ICBC has tried to create the impression in recent years of an increase in fraud, this is confusing and untrue. In yet another case in point, the Court of Appeal has told ICBC they failed to prove this claimant lied or made a false statement.(Insurance Corporation of British Columbia v. Mehat, 2018 BCCA 242).
The Insurance Corporation of British Columbia sued the respondents claiming they had engaged in insurance fraud by misrepresenting the driver of a van that had been in a car accident. ICBC also alleged that the true driver had been drinking alcohol prior to the collision. The evidence relied upon by ICBC was largely circumstantial and the judge dismissed ICBC’s lawsuit with costs against ICBC. ( 2017 BCSC 1476)
Despite alleging fraud against the claimant ICBC had not called witnesses that might have relevant evidence. The evidence read in from the claimant’s examination for discovery was her admission that she made a statement to ICBC claiming to be the driver of the van and ICBC had the opportunity to test her evidence.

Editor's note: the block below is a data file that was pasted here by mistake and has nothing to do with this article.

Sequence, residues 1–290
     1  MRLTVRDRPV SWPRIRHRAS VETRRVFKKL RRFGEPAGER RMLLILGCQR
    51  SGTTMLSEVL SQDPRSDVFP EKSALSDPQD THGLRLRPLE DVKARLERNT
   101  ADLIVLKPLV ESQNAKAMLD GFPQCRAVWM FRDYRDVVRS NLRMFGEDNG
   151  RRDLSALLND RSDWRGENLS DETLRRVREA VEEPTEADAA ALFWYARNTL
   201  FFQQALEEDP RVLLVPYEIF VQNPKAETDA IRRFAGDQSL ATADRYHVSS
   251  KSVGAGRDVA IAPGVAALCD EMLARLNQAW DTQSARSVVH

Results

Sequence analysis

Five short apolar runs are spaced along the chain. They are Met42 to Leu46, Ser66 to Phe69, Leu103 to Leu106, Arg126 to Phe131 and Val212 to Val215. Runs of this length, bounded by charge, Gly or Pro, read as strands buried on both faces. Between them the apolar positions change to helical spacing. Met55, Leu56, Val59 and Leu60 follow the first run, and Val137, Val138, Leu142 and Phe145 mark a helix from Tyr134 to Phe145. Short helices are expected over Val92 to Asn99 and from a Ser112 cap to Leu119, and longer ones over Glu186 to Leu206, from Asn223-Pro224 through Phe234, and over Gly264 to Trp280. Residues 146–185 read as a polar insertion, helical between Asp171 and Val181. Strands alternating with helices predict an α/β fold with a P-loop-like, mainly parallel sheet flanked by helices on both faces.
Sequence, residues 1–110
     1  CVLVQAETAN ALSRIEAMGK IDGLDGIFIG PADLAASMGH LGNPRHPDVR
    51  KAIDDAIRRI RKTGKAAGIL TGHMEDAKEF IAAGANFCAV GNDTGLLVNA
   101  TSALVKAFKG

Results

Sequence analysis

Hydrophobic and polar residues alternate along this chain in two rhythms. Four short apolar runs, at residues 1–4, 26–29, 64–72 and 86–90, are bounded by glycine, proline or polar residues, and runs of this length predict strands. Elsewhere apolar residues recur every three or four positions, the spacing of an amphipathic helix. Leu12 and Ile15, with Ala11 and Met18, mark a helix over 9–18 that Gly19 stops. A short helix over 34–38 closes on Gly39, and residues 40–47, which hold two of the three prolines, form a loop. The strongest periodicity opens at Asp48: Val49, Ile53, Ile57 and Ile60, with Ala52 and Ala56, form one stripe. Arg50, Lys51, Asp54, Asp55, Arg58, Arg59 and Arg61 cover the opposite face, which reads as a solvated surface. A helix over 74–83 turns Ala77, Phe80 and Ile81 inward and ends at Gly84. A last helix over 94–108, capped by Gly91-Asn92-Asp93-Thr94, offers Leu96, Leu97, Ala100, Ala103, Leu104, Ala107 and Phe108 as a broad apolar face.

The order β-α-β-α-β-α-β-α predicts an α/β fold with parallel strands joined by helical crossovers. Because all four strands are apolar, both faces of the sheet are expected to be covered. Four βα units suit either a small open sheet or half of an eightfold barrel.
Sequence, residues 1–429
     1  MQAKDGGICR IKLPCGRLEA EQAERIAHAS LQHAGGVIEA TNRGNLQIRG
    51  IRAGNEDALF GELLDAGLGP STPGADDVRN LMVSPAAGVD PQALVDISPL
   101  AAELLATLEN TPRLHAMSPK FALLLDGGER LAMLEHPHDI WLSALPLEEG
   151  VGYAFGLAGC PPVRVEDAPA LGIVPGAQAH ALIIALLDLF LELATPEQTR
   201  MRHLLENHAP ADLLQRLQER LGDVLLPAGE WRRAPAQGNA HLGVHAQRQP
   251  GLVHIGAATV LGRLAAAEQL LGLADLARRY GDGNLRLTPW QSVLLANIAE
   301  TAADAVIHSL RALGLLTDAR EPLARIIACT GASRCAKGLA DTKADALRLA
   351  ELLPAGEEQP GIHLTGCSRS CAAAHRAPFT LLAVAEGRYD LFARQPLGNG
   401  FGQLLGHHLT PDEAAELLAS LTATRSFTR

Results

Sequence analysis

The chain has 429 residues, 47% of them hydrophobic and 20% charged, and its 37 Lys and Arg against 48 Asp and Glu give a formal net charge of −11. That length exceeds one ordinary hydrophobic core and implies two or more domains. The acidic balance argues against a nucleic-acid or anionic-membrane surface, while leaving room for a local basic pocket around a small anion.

The onus of proof was on ICBC to prove that her statement was false. The claimant brought an insufficient evidence application pursuant to R. 12-5(6) of the Supreme Court Civil Rules to have the action dismissed which was unsuccessful. In the end however, the judge did not find the evidence sufficient to support the inferences sought by ICBC.
ICBC had not persuaded the judge as it was a necessary factual premise to ICBC’s case that the claimant had lied to ICBC in representing the driver of the van at the time of the accident. The trial judge made no error of law, overlooked no material evidence, and was entitled to find that ICBC had failed to prove the case.
The judge made an error on the insufficient evidence motion but that did not affect his trial ruling, in which he found that ICBC had failed to meet the burden of proof. The ICBC appeal was dismissed.
Posted By ICBC Injury Lawyer Mr. Renn A. Holness, B.A. LL.B.– representing the injured not ICBC or any other insurance company.